I love this book, but its title might be a slight exaggeration. I would have called it Some analogies of varying strength between computer science questions and life questions, with some special focus on optimal stopping, sorting, scheduling, and game theory. I guess that doesn’t have quite the same ring to it.
Anyway, I was worried before I started this book that the computer science in it would be too dumbed-down. It wasn’t. The book still has the best explanations of different sorting procedures that I’ve ever seen – explaining MergeSort with stacks of playing cards, and the similarity between MergeSort and an elimination tournament in sports.
I learned a lot from this book. For example: The University of Hawaii, which did not have the option of running physical cables between its different campuses, invented wireless networking, or at least packet-switching over radio waves, and exponential backoff that makes it possible for many packet-switching transmitters to share the same frequency.
There was also a bit of practical advice. The book discusses the explore/exploit tradeoff. In other words, “Should I go to a restaurant known to be good, or should I try a new restaurant, and risk being let down with the possible reward of discovering a new good restaurant?” The answer is, “It depends how much longer you plan to live in that town. If it’s your last night, go to a restaurant known to be good, because discovering a new restaurant has little utility. If you plan to live there ten more years, explore more often.” I like this advice, and I think it extends generally: when you’re young, try lots of stuff. Then when you’re older, you’ll know what works for you.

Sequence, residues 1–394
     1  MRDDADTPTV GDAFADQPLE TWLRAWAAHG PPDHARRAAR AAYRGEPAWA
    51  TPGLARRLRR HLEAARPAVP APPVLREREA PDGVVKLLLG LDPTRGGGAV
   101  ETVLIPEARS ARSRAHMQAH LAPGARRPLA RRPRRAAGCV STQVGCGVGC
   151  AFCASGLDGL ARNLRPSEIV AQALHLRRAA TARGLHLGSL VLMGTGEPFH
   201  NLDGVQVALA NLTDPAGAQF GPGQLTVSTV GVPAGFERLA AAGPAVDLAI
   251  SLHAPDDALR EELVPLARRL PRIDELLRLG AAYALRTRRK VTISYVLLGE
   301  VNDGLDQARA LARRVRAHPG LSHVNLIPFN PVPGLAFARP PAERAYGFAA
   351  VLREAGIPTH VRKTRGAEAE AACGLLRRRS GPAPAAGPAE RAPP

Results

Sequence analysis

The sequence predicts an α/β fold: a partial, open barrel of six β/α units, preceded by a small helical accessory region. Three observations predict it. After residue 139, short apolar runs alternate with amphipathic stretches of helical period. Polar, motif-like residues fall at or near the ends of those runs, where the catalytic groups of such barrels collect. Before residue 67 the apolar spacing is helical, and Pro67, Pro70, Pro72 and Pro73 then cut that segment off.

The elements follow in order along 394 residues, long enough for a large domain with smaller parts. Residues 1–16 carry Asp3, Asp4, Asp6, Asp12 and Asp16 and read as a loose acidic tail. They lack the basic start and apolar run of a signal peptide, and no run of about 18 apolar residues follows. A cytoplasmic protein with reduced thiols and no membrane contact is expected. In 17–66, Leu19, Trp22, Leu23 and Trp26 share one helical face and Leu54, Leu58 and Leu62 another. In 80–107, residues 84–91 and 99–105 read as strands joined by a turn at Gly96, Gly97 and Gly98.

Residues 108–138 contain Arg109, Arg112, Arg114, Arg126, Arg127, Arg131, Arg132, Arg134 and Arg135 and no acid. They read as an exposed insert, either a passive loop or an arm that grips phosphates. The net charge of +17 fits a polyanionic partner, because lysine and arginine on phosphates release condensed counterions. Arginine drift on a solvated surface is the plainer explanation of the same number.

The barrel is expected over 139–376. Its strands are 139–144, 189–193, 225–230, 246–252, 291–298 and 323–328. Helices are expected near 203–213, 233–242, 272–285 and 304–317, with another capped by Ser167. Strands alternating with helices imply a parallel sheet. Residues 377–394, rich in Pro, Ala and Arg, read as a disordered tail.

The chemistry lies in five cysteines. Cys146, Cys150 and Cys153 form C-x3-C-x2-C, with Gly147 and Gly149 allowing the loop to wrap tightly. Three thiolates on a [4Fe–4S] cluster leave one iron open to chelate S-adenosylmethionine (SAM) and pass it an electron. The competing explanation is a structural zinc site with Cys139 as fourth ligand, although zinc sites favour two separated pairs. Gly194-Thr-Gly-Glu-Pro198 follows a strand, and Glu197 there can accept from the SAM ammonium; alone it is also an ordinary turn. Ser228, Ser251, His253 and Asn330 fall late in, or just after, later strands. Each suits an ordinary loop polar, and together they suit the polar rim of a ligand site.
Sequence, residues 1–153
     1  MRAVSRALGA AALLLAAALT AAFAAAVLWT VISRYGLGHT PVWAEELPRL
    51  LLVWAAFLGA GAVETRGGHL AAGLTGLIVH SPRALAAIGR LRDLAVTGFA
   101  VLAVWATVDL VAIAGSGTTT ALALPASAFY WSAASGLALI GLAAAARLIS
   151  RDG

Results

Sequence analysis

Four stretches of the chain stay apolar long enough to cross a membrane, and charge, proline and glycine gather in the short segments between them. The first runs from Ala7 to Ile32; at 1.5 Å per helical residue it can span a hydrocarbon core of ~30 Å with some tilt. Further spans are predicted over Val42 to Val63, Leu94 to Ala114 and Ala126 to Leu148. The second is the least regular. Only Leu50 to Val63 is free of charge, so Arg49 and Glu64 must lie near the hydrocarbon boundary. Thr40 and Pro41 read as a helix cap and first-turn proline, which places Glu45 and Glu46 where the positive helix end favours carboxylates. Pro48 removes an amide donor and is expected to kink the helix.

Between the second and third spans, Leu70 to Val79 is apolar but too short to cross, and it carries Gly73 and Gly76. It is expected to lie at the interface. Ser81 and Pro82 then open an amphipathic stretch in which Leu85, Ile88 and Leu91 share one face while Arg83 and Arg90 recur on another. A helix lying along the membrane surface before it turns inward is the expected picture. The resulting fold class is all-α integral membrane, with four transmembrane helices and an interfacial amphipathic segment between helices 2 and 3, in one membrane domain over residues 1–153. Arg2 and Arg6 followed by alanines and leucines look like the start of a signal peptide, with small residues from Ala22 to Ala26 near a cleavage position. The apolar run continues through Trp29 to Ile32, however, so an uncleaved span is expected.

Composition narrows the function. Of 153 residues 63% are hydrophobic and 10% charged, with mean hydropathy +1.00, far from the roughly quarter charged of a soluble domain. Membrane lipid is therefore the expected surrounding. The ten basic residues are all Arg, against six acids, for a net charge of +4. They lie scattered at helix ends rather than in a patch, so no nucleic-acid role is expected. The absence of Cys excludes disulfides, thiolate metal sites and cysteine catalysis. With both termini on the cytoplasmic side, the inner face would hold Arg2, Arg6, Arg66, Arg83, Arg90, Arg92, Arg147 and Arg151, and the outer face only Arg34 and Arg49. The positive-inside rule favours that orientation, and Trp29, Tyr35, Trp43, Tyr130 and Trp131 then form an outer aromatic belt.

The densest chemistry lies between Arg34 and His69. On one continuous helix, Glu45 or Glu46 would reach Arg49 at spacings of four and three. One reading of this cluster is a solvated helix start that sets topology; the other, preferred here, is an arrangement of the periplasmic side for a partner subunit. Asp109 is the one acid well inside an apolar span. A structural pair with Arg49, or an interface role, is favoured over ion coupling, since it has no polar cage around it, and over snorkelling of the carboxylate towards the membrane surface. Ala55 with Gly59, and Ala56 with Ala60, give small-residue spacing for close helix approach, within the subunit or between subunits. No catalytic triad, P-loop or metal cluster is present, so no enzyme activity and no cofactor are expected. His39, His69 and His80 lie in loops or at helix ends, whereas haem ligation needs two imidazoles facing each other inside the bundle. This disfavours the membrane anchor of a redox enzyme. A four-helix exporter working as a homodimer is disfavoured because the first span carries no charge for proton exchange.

Also, here are some software engineering things that I am a little better at just because I read the book:
- Explaining different sorting algorithms
- Understanding TCP
- Understanding different problems with caching
- Understanding different problems with scheduling
- Finding prime numbers
And the list goes on. So here’s the TL;DR for this book: strongly recommended.
Till next time, happy learning!